News

Make contracts clear and understandable

Businesses have been warned to make sure that the contracts they offer consumers are clear, unambiguous and can be acted on at the first time of reading.

The warning has come from the Office of Fair Trading (OFT) following an investigation into the sort of contracts with which consumers are being presented.

According to the OFT survey, some 20 per cent of customers polled encountered some form of problem with contracts last year.

The OFT study examined how well consumers were able to comprehend contracts and the small print contained within them.

The review also took into account differences between traditional retail contracts and those offered when making online or telephone purchases; and it examined when, how and why contracts may cause difficulties for people, identifying the practices and contract terms which have the potential to breach consumer protection laws.

Problems can arise when a small print term alters the deal from what consumers understand it to be, or if the way the contract is presented makes it difficult for consumers to understand the deal properly.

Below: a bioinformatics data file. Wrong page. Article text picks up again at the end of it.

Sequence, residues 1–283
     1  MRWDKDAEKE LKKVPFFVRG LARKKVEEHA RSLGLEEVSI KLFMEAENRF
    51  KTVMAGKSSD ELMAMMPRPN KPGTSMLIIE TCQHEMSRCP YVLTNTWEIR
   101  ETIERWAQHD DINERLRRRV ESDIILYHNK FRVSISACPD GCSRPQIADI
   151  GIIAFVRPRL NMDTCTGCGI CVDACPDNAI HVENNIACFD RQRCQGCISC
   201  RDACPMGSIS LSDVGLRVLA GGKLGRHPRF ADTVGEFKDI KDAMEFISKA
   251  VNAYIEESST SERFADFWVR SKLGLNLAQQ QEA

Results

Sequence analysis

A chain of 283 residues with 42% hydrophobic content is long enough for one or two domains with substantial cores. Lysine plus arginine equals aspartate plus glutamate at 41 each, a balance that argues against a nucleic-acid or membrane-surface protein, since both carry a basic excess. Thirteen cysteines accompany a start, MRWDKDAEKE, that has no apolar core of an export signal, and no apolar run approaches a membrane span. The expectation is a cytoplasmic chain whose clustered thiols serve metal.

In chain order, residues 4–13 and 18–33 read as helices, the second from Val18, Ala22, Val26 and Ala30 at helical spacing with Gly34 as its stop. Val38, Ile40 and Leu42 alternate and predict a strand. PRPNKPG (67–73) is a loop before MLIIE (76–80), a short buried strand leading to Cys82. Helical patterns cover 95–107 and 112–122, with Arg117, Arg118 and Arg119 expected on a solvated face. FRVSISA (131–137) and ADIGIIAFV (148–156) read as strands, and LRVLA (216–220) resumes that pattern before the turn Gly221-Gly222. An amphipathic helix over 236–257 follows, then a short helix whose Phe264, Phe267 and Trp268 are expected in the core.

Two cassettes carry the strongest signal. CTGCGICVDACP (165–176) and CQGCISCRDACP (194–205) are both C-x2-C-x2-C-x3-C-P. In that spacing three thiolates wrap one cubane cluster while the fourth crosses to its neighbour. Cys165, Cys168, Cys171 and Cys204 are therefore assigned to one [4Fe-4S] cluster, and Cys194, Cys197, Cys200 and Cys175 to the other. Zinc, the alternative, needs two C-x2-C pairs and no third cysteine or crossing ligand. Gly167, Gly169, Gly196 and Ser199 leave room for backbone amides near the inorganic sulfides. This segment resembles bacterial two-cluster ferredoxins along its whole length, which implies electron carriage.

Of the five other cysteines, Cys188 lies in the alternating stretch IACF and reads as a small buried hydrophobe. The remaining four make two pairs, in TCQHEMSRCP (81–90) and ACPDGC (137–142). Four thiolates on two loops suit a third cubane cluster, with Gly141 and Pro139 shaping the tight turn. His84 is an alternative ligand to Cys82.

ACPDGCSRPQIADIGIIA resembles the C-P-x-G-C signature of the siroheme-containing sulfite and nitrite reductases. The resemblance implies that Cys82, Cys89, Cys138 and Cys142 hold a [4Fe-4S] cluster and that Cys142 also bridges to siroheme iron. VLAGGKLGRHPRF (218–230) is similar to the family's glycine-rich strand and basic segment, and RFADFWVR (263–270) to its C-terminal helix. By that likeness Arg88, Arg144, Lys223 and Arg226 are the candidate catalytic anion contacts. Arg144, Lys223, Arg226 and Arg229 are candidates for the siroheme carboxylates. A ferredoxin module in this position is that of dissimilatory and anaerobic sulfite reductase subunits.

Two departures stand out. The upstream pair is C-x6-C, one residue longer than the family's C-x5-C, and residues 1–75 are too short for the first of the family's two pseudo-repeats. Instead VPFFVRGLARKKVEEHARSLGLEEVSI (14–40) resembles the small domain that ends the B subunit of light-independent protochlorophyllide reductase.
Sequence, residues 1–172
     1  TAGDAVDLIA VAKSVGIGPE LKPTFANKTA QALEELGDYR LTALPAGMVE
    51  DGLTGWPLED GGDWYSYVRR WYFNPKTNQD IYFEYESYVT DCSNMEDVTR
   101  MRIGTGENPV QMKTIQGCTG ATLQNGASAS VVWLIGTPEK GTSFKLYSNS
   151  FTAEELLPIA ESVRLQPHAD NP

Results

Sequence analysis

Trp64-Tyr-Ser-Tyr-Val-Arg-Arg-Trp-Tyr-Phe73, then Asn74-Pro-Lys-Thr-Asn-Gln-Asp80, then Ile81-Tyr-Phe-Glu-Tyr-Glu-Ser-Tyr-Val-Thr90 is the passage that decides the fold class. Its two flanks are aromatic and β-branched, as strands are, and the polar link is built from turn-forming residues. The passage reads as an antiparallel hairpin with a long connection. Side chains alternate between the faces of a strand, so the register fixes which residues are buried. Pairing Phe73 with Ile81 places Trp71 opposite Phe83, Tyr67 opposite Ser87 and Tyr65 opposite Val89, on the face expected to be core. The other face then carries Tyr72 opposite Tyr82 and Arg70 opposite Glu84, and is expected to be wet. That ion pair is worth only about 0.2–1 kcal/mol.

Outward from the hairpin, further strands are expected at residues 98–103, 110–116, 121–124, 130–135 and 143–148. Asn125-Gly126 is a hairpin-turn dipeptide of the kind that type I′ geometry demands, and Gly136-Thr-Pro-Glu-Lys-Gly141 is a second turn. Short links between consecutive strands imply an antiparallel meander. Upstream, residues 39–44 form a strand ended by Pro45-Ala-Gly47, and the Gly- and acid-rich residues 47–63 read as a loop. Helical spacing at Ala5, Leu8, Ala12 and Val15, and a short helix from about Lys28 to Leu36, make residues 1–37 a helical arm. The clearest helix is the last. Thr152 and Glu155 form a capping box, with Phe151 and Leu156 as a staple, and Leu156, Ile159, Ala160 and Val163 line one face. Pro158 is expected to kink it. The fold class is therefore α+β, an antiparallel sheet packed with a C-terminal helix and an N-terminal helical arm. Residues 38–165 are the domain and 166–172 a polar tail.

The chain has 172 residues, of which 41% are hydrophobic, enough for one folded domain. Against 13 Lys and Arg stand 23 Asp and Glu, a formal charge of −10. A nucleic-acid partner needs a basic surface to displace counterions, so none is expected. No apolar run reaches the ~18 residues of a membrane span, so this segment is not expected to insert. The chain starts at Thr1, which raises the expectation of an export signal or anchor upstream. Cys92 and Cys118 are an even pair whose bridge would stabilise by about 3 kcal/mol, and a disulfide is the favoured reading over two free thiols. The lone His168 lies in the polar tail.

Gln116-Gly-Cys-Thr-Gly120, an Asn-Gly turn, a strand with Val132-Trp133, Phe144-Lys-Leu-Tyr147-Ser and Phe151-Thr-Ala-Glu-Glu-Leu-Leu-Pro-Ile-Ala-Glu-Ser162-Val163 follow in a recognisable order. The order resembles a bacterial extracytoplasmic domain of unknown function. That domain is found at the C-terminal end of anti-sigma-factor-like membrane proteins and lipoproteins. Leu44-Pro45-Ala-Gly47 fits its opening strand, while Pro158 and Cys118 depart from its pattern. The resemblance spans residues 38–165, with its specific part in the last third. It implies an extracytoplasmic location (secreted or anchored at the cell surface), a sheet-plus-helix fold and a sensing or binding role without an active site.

Currently 70 per cent of the OFT’s consumer enforcement cases relate to contract terms and conditions, and the OFT is urging businesses to ensure their customer contracts do not contain terms that may be detrimental to consumers.

Detrimental terms include unexpected restrictions to contract scope (football season tickets not always guaranteeing seats, for example); terms that impose unexpected risks on consumers; complex, deferred or contingent charges that exceed costs; and obstructions to consumer switching (such as service cancellation fees).

Heather Clayton, senior director of the OFT’s consumer group, said: “On the one hand, we all know that people don’t read the small print of contracts. On the other, small print is a necessary fact of life and consumer law isn’t there to protect the careless or the over-hasty.

“This report reconciles the need for small print with the real life behaviour of consumers and sets out the OFT’s expectation that consumers should be free to focus on the main elements of the deal, confident that there will be no unwelcome surprises in the small print.

“It gives clear guidance to businesses and it will helps them to assess whether their contracts need reviewing to make sure that their customers are treated properly. Transparent business practices build trust in markets, allow people to shop around to find the best deal for them, stimulating effective competition and strengthening innovation and growth.”